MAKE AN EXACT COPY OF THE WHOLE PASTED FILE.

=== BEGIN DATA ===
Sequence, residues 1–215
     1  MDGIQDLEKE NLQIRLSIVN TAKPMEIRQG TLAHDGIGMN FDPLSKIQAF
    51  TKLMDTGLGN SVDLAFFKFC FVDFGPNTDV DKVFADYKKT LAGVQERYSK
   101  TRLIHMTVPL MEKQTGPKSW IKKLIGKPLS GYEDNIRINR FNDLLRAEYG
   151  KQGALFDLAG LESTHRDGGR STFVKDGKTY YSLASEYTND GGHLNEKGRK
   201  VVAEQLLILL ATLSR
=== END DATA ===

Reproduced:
Sequence, residues 1–215
     1  MDGIQDLEKE NLQIRLSIVN TAKPMEIRQG TLAHDGIGMN FDPLSKIQAF
    51  TKLMDTGLGN SVDLAFFKFC FVDFGPNTDV DKVFADYKKT LAGVQERYSK
   101  TRLIHMTVPL MEKQTGPKSW IKKLIGKPLS GYEDNIRINR FNDLLRAEYG
   151  KQGALFDLAG LESTHRDGGR STFVKDGKTY YSLASEYTND GGHLNEKGRK
   201  VVAEQLLILL ATLSR